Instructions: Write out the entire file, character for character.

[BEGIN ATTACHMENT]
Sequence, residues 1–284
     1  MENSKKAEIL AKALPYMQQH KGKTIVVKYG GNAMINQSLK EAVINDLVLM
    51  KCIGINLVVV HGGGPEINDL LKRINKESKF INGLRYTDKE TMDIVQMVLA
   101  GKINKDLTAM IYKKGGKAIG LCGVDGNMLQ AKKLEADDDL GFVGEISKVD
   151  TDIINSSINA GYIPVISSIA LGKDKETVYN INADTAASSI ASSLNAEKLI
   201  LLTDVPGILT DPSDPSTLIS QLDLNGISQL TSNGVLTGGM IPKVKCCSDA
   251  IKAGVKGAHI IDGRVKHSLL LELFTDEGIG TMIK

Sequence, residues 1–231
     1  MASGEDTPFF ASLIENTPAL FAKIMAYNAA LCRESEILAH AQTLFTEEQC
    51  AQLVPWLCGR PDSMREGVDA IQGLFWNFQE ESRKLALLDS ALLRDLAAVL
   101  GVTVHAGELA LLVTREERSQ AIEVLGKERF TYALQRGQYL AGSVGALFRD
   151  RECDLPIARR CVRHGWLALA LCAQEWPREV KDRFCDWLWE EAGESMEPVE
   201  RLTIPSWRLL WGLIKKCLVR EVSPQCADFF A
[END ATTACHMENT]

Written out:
Sequence, residues 1–284
     1  MENSKKAEIL AKALPYMQQH KGKTIVVKYG GNAMINQSLK EAVINDLVLM
    51  KCIGINLVVV HGGGPEINDL LKRINKESKF INGLRYTDKE TMDIVQMVLA
   101  GKINKDLTAM IYKKGGKAIG LCGVDGNMLQ AKKLEADDDL GFVGEISKVD
   151  TDIINSSINA GYIPVISSIA LGKDKETVYN INADTAASSI ASSLNAEKLI
   201  LLTDVPGILT DPSDPSTLIS QLDLNGISQL TSNGVLTGGM IPKVKCCSDA
   251  IKAGVKGAHI IDGRVKHSLL LELFTDEGIG TMIK

Sequence, residues 1–231
     1  MASGEDTPFF ASLIENTPAL FAKIMAYNAA LCRESEILAH AQTLFTEEQC
    51  AQLVPWLCGR PDSMREGVDA IQGLFWNFQE ESRKLALLDS ALLRDLAAVL
   101  GVTVHAGELA LLVTREERSQ AIEVLGKERF TYALQRGQYL AGSVGALFRD
   151  RECDLPIARR CVRHGWLALA LCAQEWPREV KDRFCDWLWE EAGESMEPVE
   201  RLTIPSWRLL WGLIKKCLVR EVSPQCADFF A